New rules 'to cut A-level re-checks'

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The Independent Online

New marking rules mean disappointed A-level students may be deterred from appealing over their grades even if they feel they have a good case, headteachers are warning.

New marking rules mean disappointed A-level students may be deterred from appealing over their grades even if they feel they have a good case, headteachers are warning.

This year, for the first time, examiners have the power to reduce marks or deduct a grade when candidates ask for their papers to be marked again. Up until now they have been permitted only to upgrade pupils.

Headteachers reckon many parents and students may decide not to risk the gamble of an appeal under the new rules.

Exam boards had to ask experienced markers to take on more scripts this year as they coped with marking both A- and AS-levels for the first time. This added pressure may increase pupils' anxiety about the accuracy of grades.

The Qualifications and Curriculum Authority, the Government's exams watchdog, has told schools: "Candidates must understand the implications of the process before giving their consent to a clerical re-check or re-mark.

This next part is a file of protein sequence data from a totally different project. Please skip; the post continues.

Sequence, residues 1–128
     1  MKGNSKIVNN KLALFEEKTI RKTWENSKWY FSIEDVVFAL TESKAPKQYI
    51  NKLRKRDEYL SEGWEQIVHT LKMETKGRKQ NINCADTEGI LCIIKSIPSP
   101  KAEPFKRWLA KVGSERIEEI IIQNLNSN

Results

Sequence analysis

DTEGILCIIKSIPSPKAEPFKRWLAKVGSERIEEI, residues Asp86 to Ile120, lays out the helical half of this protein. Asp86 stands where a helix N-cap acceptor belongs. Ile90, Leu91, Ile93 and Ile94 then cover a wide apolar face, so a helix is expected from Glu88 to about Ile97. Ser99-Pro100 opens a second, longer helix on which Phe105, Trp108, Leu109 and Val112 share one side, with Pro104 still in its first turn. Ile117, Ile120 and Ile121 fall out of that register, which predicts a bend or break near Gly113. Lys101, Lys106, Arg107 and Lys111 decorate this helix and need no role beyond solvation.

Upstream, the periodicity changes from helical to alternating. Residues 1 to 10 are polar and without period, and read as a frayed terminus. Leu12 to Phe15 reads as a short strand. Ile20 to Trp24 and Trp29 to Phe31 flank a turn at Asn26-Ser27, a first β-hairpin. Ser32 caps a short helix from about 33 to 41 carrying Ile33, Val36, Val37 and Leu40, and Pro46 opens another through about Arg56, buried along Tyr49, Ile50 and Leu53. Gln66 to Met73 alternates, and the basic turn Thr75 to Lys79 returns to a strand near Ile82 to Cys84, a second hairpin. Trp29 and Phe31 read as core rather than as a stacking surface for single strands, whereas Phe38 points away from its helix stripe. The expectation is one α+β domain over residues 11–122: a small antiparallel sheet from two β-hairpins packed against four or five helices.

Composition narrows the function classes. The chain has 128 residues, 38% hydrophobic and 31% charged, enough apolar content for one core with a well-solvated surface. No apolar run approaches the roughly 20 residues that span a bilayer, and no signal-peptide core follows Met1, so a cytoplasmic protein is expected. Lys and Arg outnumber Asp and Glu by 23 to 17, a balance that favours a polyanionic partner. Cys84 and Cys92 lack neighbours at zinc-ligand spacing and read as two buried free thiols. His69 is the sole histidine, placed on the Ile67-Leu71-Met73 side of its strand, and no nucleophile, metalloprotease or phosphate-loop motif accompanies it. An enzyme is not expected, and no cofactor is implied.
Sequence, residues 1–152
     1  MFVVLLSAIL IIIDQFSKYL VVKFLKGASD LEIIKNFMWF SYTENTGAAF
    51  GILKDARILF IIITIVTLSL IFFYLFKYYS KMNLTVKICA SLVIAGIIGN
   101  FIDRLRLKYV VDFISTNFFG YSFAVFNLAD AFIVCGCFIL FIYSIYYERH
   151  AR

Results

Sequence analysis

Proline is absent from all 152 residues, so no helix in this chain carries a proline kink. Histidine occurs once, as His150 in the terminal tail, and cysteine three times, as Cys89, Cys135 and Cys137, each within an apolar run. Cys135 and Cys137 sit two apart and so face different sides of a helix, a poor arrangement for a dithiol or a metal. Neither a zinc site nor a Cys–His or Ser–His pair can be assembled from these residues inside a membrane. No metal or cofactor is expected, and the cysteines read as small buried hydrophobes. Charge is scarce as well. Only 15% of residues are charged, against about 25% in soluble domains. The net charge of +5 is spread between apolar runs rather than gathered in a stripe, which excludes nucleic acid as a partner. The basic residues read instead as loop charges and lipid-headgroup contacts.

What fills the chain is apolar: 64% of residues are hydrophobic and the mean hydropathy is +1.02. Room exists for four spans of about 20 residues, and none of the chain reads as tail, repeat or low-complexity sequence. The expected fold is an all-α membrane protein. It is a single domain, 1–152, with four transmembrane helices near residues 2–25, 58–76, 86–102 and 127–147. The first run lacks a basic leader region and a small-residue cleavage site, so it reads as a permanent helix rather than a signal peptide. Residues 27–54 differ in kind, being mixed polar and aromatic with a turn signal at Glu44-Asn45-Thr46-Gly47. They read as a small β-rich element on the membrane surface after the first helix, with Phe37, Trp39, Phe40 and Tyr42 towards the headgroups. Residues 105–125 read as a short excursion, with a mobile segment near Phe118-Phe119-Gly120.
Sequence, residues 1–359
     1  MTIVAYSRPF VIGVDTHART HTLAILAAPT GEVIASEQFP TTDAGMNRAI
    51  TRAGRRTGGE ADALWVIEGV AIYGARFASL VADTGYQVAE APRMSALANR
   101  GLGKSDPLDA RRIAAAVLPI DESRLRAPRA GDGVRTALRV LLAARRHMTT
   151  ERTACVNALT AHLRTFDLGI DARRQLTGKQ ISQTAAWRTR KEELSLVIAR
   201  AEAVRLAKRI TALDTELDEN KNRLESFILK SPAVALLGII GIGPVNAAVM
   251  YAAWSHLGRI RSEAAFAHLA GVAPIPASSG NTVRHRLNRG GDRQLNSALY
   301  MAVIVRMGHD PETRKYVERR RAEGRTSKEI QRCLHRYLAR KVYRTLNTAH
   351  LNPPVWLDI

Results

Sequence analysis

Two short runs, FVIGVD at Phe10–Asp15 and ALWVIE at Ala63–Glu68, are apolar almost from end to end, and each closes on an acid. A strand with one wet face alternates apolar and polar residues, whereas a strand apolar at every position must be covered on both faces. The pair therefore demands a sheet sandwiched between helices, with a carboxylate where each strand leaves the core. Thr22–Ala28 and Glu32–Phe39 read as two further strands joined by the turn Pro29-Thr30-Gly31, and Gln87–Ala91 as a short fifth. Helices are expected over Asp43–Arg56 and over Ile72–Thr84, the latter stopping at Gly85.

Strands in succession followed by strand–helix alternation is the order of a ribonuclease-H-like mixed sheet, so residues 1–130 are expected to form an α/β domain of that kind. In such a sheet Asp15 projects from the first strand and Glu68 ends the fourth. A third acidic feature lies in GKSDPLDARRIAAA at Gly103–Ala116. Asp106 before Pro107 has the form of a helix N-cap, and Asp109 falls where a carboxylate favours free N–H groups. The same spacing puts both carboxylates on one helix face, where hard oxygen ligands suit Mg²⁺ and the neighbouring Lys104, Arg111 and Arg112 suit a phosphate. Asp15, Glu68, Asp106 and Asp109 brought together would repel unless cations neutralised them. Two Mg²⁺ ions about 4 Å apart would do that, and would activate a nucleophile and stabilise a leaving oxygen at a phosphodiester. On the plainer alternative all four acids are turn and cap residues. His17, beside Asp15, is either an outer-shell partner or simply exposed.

"It is the responsibility of schools and colleges to advise them that their grades may be lowered, raised or confirmed."

David Hart, general secretary of the National Association of Head Teachers, said of the change: "I think it will put off students who have a genuine case but who are worried that by making an appeal they run the risk of being put in a worse situation."

If the level of appeals falls, heads will press examiners to speed up re-marking. John Dunford, general secretary of the Secondary Heads Association, said: "I don't think you'll find a headteacher in the country who cannot tell you of a student who has missed out on a university place because of the time it has taken to carry out a re-mark."

Last year of the 774,380 A-level entries, there were 25,406 enquiries about appeals, with 4,644 receiving a grade change.

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